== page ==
Cells obtained appear normal or there is no identifiable infection.
Low Grade Squamous Intraepithelial Lesion.
It is a lesion not invasive of the epithelium that covers the cervix associated, in the majority of cases, with a transient infection by HPV (Human Papilloma Virus).
The term "low grade" identifies a minor modifications in the morphology of squamous cell epithelial. The confirmation of the real presence of alterations and the secure identification of the type of alteration is supplied solely by the execution of further investigations as the colposcopic examination and the possible subsequent biopsy; the histological examination carried out on the latter can confirm whether or not the outcome of the Pap test. Usually a L-SIL in cervical cytology is histologically a mild dysplasia or CIN I.
High Grade Squamous Intraepithelial Lesion.
It refers to anomalies in the morphology of the cells more marked and significant compared to the L-SIL.
Also in this case the cells affected are those of the outer covering of the neck of the womb and, as for the injury of low degree, the later indication is the colposcopy.
The H-SIL in histology correspond to moderate/severe dysplasia (CIN II, CIN III).
Adenocarcinoma in situ.
It is a endocervical glandular lesion of high degree in the absence of infiltration; this definition indicates that have been identified severe changes in the morphology of glandular cells surface lining the endocervical canal.
Squamous cell carcinoma cells.
Malignant neoplasia with invasive differentiation squamous cell. With this definition you indicate severe changes in the squamous cells of the surface of the uterine cervix.
Atypical squamous cells of undetermined significance.
The term refers to cytological abnormalities suggestive of squamous intraepithelial lesion, qualitatively or quantitatively insufficient for a definitive interpretation.
Sometimes these changes are related to HPV infection; in other cases, on the other hand, there are a few conditions not pathological that can produce cytological modifications of undetermined significance as the inflammation, atrophy, infections or micetali artifacts related to the preparation of the sample under examination.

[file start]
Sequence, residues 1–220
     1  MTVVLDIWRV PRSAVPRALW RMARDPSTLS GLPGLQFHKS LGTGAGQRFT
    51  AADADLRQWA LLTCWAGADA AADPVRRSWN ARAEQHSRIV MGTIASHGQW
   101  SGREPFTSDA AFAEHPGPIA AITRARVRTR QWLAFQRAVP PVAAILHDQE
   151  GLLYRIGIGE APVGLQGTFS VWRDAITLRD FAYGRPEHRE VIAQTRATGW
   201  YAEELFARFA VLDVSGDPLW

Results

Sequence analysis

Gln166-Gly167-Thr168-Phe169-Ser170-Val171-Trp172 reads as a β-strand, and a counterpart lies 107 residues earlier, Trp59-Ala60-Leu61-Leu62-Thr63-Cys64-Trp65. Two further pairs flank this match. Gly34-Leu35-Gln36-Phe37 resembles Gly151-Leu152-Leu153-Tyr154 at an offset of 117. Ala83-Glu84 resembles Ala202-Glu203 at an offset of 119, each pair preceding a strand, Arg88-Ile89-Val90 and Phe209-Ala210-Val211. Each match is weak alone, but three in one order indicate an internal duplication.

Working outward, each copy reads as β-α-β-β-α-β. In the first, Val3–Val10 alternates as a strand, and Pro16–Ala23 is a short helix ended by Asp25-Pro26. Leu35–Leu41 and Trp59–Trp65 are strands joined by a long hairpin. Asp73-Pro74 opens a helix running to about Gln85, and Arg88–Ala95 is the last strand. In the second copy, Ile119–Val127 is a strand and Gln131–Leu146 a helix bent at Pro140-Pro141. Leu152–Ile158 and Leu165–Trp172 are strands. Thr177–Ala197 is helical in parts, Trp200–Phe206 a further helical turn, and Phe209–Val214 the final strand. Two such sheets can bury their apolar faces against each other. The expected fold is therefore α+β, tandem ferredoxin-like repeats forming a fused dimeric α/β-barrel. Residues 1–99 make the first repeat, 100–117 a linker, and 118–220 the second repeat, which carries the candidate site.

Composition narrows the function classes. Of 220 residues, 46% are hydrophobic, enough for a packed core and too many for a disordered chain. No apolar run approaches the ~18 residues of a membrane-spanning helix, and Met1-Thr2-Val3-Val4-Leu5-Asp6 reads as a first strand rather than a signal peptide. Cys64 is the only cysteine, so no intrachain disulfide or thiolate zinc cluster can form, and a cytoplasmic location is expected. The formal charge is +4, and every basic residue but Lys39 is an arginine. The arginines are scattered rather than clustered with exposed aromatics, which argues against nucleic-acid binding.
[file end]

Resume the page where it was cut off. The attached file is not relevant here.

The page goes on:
In any case, the next instruction is the repetition of the examination after a few months, the repetition after therapy or the execution of the HPV Test.
Atypical squamous cells - cannot exclude HSIL.
In this case, the next instruction is to sending the patient in colposcopy because the alterations i quote-morphological highlighted are strongly suggestive of the presence of a lesion of high degree. We remember that, as for ASC- US, there are a number of conditions that are not pathological conditions that may mimic a H-SIL, without necessarily be; The squamous metaplasia immature for example, a atrophic vaginitis or still endometrial regressive cells.
Atypical Glandular Cells not otherwise specified.
For this cytological category a premise is needed: the cervical cytology (pap test) is a screening test for the intraepithelial squamous lesions and squamous cell carcinoma. It cannot be considered a highly reliable test for the diagnosis of lesions in the endocervice and even less to the endometrium because its sensitivity is limited to problems in both sampling and interpretation.